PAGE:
This is early MacLean and one of his better books, in my opinion. I also enjoyed the movie but the “expert” reviews tore it apart, notably Rogers and Ebert. You can’t judge a book by its movie. I liked them both, and, well Excuse me!

Ice Station Zebra, an arctic meteorological station, located on the ever drifting pack ice of the high Arctic, has been destroyed by an equipment fire. The Dolphin, an American nuclear submarine, is about to set sail on a dangerous high speed mission under the polar ice cap to rescue the badly injured team. But, just as one would suspect from a cold war thriller, all is not as it seems. Ice Station Zebra is a good deal more than just a scientific meteorological station. The scientific team is not just a collection of scientists. One of them is a ruthless killer for which the achievement of his mysterious secret mission against the Americans and the Brits may even require the cold-blooded execution of the entire crew of the Dolphin. Nor is Doctor Carpenter, a British volunteer member of the Dolphin’s crew ostensibly along to seek out his brother who was part of Ice Station Zebra’s stricken team, precisely what he shows to the world.

As thrillers go, Ice Station Zebra is certainly enjoyable but it’s a long, long way from what most readers would label a compelling page turner. It’s got all the requisite ingredients to be sure—murder, sabotage, hidden identities, spies, accidents, cliff-hangers—but I think it could have been so much more. The parts of the story that took place inside the submarine were interesting and, at times, even exciting. But the action never reached the breathless urgent pace that was more recently achieved in other submarine thrillers such as The Hunt for Red October or Larry Bond’s Dangerous Ground. The Arctic itself as an environment which can be stunning in its breathtaking beauty and is always fraught with danger and the potential for deadly accidents was never truly exploited as a part of the story to anywhere near the extent that it might have been.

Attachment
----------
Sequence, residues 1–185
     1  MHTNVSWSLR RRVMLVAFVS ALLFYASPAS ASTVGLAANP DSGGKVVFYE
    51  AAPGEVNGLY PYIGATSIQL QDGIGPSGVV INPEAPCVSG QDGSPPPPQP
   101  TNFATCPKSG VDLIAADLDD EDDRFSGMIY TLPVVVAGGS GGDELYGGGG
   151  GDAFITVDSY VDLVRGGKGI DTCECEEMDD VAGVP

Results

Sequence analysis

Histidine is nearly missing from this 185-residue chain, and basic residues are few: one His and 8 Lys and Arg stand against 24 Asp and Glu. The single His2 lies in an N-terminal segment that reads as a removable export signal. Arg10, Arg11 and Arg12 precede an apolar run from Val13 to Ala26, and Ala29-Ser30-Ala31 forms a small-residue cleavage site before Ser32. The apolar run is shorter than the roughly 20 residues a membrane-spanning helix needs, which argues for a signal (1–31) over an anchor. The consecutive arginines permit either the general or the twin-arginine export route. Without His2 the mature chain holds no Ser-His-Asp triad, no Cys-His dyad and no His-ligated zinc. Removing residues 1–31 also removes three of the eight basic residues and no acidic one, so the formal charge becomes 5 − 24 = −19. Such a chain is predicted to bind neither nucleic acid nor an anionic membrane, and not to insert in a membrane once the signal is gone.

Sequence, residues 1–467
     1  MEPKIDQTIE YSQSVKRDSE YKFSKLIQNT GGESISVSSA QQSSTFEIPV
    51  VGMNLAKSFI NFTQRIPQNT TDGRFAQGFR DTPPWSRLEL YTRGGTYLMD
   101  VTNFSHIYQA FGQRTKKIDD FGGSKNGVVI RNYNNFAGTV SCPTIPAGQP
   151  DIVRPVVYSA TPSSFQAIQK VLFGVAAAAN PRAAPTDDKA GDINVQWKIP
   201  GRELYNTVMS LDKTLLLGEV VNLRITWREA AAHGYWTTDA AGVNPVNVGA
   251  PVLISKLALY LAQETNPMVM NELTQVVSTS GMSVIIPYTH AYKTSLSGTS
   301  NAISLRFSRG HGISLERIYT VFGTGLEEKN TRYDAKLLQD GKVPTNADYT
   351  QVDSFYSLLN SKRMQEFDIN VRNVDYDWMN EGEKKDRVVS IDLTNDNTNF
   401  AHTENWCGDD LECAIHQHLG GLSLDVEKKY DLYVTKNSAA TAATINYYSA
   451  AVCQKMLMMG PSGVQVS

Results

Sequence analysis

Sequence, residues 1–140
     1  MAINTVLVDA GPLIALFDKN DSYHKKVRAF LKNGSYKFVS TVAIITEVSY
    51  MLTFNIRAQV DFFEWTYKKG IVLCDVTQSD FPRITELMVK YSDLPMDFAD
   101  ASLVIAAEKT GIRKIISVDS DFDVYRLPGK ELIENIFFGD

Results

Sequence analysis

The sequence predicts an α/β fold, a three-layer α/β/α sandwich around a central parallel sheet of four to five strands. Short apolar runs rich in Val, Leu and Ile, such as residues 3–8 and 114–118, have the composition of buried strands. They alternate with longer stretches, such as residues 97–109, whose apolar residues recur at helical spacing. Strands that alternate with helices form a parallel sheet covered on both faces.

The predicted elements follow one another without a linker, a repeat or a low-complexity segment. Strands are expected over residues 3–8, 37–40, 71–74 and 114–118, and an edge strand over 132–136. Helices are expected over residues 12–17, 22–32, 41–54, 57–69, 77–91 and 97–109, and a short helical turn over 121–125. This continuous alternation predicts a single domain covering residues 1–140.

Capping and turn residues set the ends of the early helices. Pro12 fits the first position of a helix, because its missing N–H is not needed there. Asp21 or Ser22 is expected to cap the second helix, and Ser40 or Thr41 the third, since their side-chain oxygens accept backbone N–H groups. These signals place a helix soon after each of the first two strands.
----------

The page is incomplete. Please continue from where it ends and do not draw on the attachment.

Ice Station Zebra is an enjoyable change of pace and nice easy brain candy reading that won’t tax the little grey cells. It just won’t make anyone’s top ten list of the best all-time spy vs spy thrillers! Since most of my reading is done when I go to bed (already worn out and yawning) it satisfied, but didn’t keep me awake.